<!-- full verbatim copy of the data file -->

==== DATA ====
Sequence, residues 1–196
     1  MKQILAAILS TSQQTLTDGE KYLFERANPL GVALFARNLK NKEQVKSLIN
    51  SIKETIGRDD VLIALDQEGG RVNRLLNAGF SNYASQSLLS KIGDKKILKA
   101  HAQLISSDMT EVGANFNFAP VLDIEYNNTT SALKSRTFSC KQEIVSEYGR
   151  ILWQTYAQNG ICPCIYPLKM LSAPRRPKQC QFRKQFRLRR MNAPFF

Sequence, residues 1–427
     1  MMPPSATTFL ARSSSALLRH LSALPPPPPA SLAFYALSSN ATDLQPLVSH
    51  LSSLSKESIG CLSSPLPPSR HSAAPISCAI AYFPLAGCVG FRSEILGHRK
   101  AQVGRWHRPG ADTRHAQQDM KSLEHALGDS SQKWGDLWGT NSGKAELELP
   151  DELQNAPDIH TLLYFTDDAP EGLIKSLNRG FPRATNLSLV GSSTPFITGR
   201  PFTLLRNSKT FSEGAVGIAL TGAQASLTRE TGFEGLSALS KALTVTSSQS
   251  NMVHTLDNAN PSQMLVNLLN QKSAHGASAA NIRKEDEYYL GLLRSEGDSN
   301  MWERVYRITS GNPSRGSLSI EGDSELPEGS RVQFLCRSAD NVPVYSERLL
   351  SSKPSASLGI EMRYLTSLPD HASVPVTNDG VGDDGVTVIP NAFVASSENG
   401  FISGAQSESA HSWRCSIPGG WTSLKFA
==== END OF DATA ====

Sequence, residues 1–196
     1  MKQILAAILS TSQQTLTDGE KYLFERANPL GVALFARNLK NKEQVKSLIN
    51  SIKETIGRDD VLIALDQEGG RVNRLLNAGF SNYASQSLLS KIGDKKILKA
   101  HAQLISSDMT EVGANFNFAP VLDIEYNNTT SALKSRTFSC KQEIVSEYGR
   151  ILWQTYAQNG ICPCIYPLKM LSAPRRPKQC QFRKQFRLRR MNAPFF

Sequence, residues 1–427
     1  MMPPSATTFL ARSSSALLRH LSALPPPPPA SLAFYALSSN ATDLQPLVSH
    51  LSSLSKESIG CLSSPLPPSR HSAAPISCAI AYFPLAGCVG FRSEILGHRK
   101  AQVGRWHRPG ADTRHAQQDM KSLEHALGDS SQKWGDLWGT NSGKAELELP
   151  DELQNAPDIH TLLYFTDDAP EGLIKSLNRG FPRATNLSLV GSSTPFITGR
   201  PFTLLRNSKT FSEGAVGIAL TGAQASLTRE TGFEGLSALS KALTVTSSQS
   251  NMVHTLDNAN PSQMLVNLLN QKSAHGASAA NIRKEDEYYL GLLRSEGDSN
   301  MWERVYRITS GNPSRGSLSI EGDSELPEGS RVQFLCRSAD NVPVYSERLL
   351  SSKPSASLGI EMRYLTSLPD HASVPVTNDG VGDDGVTVIP NAFVASSENG
   401  FISGAQSESA HSWRCSIPGG WTSLKFA